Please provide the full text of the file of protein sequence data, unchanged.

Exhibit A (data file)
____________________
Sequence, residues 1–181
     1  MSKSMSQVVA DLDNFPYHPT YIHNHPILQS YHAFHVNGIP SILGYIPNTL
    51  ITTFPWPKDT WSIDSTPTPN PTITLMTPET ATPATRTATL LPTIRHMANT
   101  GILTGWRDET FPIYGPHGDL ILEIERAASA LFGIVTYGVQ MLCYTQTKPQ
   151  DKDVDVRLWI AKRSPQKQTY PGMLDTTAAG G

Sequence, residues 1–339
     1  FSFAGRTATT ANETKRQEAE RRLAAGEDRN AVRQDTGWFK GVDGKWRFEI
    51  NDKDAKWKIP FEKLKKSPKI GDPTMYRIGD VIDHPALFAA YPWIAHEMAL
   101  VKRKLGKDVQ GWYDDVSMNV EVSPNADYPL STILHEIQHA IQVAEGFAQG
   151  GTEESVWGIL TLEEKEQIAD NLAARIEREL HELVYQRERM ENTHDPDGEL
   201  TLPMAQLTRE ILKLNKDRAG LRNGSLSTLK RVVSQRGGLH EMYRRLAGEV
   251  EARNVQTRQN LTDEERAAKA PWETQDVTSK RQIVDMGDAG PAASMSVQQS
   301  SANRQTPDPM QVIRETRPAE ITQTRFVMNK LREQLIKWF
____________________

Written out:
Sequence, residues 1–181
     1  MSKSMSQVVA DLDNFPYHPT YIHNHPILQS YHAFHVNGIP SILGYIPNTL
    51  ITTFPWPKDT WSIDSTPTPN PTITLMTPET ATPATRTATL LPTIRHMANT
   101  GILTGWRDET FPIYGPHGDL ILEIERAASA LFGIVTYGVQ MLCYTQTKPQ
   151  DKDVDVRLWI AKRSPQKQTY PGMLDTTAAG G

Sequence, residues 1–339
     1  FSFAGRTATT ANETKRQEAE RRLAAGEDRN AVRQDTGWFK GVDGKWRFEI
    51  NDKDAKWKIP FEKLKKSPKI GDPTMYRIGD VIDHPALFAA YPWIAHEMAL
   101  VKRKLGKDVQ GWYDDVSMNV EVSPNADYPL STILHEIQHA IQVAEGFAQG
   151  GTEESVWGIL TLEEKEQIAD NLAARIEREL HELVYQRERM ENTHDPDGEL
   201  TLPMAQLTRE ILKLNKDRAG LRNGSLSTLK RVVSQRGGLH EMYRRLAGEV
   251  EARNVQTRQN LTDEERAAKA PWETQDVTSK RQIVDMGDAG PAASMSVQQS
   301  SANRQTPDPM QVIRETRPAE ITQTRFVMNK LREQLIKWF